Carbon’s high-volume L1 3D printer now available to order

Jabil joins Carbon Production Network

This morning, Formnext 2019 is kicking off in Frankfurt—with a lot to show. AM companies from around the world will come together in the German city this week to showcase new additive manufacturing solutions and products and to create new connections and partnerships. Digital manufacturing company Carbon, which is presenting its own solutions at the trade show, has made some announcements, including the availability of its newest 3D printer, the L1 and the addition of Jabil to its Carbon Production Network.

The L1 is available

The L1 3D printer, first announced in February 2019, is now available to order. Built for high-volume production, the DLS 3D printer has already been adopted by some of Carbon’s key customers, including adidas, Ridell and Dentsply Sirona, but is now available for purchase by product designers, engineers, contract manufacturers and others.

The L1 printer has made history with the innovation it has enabled and the quality and production scale it has achieved,” said Dr. Joseph DeSimone, Co-Founder and CEO of Carbon. “It is an extremely efficient and capable machine, transformational for product designers and engineers looking to make what’s next, and rugged enough for production environments and versatile enough to produce a range of parts—from precise dental models to impact-absorbing helmet liners. Its most exciting days are still ahead of it. We can’t wait to see what our customers do with it!” 

Compared to the Carbon M2 3D printer, the L1 boasts a much larger print area (5x greater), which enables users to produce substantially larger parts or many more small parts in a single build. In short, the 3D printer is meant to help companies scale their production. As mentioned, companies such as adidas are already seeing the benefits of the increased production.

Marco Kormann, Director of Future Technology Innovation at adidas, said: “We think of adidas 4D as the future of our performance footwear, and with the L1 printer and Carbon’s Digital Manufacturing Platform, in just two years we’ve been able to go from a conceptual FutureCraft design to a running shoe that has revolutionized the footwear industry.”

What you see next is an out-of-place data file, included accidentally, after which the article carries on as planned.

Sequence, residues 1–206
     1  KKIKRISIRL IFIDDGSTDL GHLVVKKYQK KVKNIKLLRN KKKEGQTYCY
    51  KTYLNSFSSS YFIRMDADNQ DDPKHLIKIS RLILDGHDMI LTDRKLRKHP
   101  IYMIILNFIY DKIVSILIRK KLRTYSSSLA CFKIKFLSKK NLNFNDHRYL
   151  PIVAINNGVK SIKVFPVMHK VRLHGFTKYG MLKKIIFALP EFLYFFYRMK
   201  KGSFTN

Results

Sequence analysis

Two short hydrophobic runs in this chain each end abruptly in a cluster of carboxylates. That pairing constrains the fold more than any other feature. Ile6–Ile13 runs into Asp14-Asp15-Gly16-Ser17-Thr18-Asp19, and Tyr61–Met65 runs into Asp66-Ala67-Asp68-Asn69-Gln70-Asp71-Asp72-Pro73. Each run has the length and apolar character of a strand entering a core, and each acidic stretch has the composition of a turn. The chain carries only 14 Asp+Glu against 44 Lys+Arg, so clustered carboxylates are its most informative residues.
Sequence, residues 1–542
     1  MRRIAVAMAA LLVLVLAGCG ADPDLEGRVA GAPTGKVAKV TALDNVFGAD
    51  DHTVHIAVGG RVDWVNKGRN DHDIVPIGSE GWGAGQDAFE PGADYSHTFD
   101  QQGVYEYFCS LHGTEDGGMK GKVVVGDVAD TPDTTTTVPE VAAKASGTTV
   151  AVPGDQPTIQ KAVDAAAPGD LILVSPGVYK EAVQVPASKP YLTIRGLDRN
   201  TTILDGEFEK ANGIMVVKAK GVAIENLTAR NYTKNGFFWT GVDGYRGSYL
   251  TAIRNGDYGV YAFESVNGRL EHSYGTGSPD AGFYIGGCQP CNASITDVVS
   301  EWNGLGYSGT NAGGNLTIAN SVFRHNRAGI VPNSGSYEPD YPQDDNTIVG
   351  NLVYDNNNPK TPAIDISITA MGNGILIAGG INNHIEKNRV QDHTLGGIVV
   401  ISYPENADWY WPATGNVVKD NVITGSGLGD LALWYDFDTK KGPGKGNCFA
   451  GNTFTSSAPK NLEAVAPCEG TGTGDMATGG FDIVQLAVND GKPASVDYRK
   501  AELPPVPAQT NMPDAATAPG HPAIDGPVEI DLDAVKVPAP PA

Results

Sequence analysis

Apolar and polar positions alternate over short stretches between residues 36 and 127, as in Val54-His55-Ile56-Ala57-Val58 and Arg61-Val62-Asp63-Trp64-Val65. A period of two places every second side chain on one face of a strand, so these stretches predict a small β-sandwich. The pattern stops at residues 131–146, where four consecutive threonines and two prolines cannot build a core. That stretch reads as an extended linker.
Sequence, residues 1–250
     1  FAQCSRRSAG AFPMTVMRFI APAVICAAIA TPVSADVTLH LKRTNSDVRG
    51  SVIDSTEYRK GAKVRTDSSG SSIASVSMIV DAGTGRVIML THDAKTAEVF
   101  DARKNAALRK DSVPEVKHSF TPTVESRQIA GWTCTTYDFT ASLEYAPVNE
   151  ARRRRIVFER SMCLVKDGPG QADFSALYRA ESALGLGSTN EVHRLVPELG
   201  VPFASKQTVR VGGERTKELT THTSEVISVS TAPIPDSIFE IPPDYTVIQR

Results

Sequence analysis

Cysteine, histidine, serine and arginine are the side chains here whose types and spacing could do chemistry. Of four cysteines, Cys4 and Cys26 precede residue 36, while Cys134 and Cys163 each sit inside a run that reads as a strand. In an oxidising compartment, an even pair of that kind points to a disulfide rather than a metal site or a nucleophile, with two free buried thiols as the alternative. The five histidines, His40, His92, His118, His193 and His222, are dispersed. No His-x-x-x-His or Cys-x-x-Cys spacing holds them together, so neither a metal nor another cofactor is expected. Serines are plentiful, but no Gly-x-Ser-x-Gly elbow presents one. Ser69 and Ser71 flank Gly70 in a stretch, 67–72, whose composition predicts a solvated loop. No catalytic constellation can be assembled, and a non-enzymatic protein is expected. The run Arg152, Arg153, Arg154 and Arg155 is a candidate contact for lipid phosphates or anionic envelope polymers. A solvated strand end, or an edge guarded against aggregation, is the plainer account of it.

In the dental market, the L1 is part of the L1 Production Solution, an end-to-end solution for thermoforming and the production of clear aligners. Carbon’s dental customers, including Derby Dental, Affordable Care and Dentsply Sirona’s SureSmile, are now able to manufacture thousands of personalized clear aligners a day.

As of today, Carbon’s L1 3D printer is available to order through a subscription of $250,000 per year for a three-year term. The printer is expected to ship in the first half of 2020.

Welcome Jabil

The second announcement made by Carbon at Formnext today is that it is welcoming manufacturing company Jabil to its Carbon Production Network. The network, which is aimed at expanding the adoption and access to Carbon’s Digital Light Synthesis (DLS) technology, has added over 10 partners in the past year alone.

“We are excited to become a valued member of the Carbon Production Network,” said John Dulchinos, VP of Digital Manufacturing, Jabil. “This will further strengthen our ability to drive adoption of additive manufacturing across an integrated ecosystem of printers, materials, and processes tailored for the growing application demands of heavily regulated industries, including healthcare.”

This time last year, Carbon announced the addition of partners in the injection molding and castings industry: Bright Plastics, Dependable Plastics, Diversified Plastics, Element Packaging, Gallagher Plastics, Nicolet Plastics, Prattville Machine & Tool and Resolution Medica. The production network provides a validated ecosystem of contract manufacturers, each of which have been certified to work with Carbon’s digital fabrication platforms.

Tess Boissonneault

Tess Boissonneault moved from her home of Montreal, Canada to the Netherlands in 2014 to pursue a master’s degree in Media Studies at the University of Amsterdam. It was during her time in Amsterdam that she became acquainted with 3D printing technology and began writing for a local additive manufacturing news platform. Now based in France, Tess has over two and a half years experience writing, editing and publishing additive manufacturing content with a particular interest in women working within the industry. She is an avid follower of the ever-evolving AM industry.

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